It is something of a relief to turn from the world of Bonhoeffer to that of St. François.  The style of Bonhoeffer is strong, demanding.  That of St. François is a light style, a sweet style, seeking as much to entice as to convict.  "Le roi des abeilles ne se met point aux champs qu’il ne soit environné de tout son petit peuple, et la charité n’entre jamais dans un coeur qu’elle n’y loge avec soi le train des autres vertus, les exerçant et mettant en besogne ainsi qu’un capitaine fait ses soldats."  This comparison of the "king" of bees, attended by his "petit peuple," with charity attended by the virtues, is typical of François' drawing on lovely images to convey his message.  

But the greater distinction is that provided by the environment of the Church.  The individual never faces the crisis alone.  Devotion comes, not out of a radical confrontation and consequent forced decisiveness, but from listening to the voice of the Church, and, to a large extent, from following the various "methods" that the experience of the Church has bequeathed to her children:  "...j’ai fait cette Introduction de cinq Parties, en la première desquelles je m’essaie, par quelques remontrances et exercices, de convertir le simple désir de Philothée en une entière résolution."  The desire for devotion is assumed; by certain exercises that simple desire is allowed to blossom into a whole resolve.

This might seem mechanical, were it not, in fact, ultimately grounded in the love of God:  "La vraie et vivante dévotion, o Philothée, présuppose l’amour de Dieu, ains elle n’est autre chose qu’un vrai amour de Dieu;... Bref, la dévotion n’est autre chose qu’une agilité et vivacité spirituelle par le moyen de laquelle la charité fait ses actions en nous, ou nous par elle, promptement et affectionnément; et comme il appartient à la charité de nous faire généralement et universellement pratiquer tous les commandements de Dieu, il appartient aussi à la dévotion de les nous faire faire promptement et diligemment."  Devotion is what transforms the love of God in the soul to the activity of charity in the world, to that obedience to the commandments of God which is also, ultimately, the goal of Bonhoeffer's exhortations.

I do not presume to judge between the two.  As a Catholic in a time of peace and relative prosperity I admittedly live more in the stable world presumed by St. François.  Even so, I recognize that the Church is considerably more marginalized in contemporary society than in the seventeenth century, and that the relationship, even of devout Catholics, to our Church, is far different today--the practice of spiritual direction, even of participation in the sacrament of penance, is far from central to American Catholic life.  We are largely as proudly individualistic (and lonely) as our Protestant counterparts.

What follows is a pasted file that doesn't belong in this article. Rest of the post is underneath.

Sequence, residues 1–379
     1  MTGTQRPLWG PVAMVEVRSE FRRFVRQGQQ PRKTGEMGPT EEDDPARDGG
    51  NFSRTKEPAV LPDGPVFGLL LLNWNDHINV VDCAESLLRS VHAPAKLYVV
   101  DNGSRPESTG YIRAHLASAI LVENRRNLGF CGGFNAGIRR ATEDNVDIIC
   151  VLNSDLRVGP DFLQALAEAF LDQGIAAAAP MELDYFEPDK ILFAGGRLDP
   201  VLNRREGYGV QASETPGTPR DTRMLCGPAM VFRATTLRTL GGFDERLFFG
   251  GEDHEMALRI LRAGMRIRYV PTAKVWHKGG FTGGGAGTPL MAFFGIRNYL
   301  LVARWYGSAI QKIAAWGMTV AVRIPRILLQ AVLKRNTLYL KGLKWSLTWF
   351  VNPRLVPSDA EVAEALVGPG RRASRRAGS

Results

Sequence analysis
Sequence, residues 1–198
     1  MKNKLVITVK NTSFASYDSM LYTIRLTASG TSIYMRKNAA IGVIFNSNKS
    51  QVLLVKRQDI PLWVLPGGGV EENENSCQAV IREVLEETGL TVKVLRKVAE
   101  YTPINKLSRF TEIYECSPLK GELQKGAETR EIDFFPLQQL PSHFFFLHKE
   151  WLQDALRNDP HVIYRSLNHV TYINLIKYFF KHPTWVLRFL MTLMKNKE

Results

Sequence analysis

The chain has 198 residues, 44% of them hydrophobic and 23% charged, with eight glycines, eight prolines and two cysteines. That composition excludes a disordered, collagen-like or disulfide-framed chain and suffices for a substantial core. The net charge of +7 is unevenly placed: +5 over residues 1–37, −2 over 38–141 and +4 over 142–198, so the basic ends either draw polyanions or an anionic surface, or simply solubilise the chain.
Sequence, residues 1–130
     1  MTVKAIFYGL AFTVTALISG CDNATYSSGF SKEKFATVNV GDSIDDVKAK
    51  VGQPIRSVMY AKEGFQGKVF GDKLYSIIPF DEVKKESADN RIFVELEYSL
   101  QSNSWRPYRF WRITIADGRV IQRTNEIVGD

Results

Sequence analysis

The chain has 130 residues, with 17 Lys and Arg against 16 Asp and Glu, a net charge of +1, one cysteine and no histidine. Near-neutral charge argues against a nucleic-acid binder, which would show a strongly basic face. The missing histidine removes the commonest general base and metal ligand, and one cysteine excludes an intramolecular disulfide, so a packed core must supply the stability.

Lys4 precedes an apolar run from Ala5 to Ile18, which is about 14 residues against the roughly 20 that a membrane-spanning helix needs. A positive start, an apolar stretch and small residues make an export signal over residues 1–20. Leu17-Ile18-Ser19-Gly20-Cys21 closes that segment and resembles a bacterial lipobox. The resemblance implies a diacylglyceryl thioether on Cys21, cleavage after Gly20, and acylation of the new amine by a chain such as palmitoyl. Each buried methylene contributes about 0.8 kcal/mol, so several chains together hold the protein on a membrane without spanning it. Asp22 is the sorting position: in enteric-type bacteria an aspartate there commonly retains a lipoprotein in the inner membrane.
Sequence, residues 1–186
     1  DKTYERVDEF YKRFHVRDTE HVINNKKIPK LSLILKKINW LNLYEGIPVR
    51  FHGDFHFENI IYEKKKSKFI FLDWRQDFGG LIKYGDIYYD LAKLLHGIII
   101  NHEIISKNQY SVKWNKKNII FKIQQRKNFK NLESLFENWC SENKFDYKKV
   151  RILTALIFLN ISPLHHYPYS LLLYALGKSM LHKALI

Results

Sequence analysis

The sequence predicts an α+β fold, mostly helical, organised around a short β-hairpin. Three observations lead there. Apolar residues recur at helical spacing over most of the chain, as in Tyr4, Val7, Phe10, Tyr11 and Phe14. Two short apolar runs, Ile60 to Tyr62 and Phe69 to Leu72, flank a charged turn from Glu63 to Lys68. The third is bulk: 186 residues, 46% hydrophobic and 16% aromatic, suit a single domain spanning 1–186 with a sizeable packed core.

This dissolution of Christendom--even if not so radical as the "religionless Christianity" expected by Bonhoeffer in his prison letters--tends to bring Bonhoeffer to renewed relevance.  We are more and more brought to discipleship, not by catechesis and training,  but by crisis.  Not, thank God, from a crisis so severe as that which Bonhoeffer endured, but by the continual re-arising of serious, deadly evils, at home and abroad, which we are fully capable of ignoring and co-existing with in our comfortable little worlds.  It is to that kind of complacency that Bonhoeffer speaks, equally to the Protestant and the Catholic.   

In closing here I can't help noting the temporal coincidence of these two works with others I've been discussing in nearby posts.  Nachfolge was published just two years before Finnegans Wake.  The Introduction à la vie dévote was published between the appearance of the first and second parts of Don Quijote de la Mancha.  There is one world, but many takes on it, and it is often hard to square them.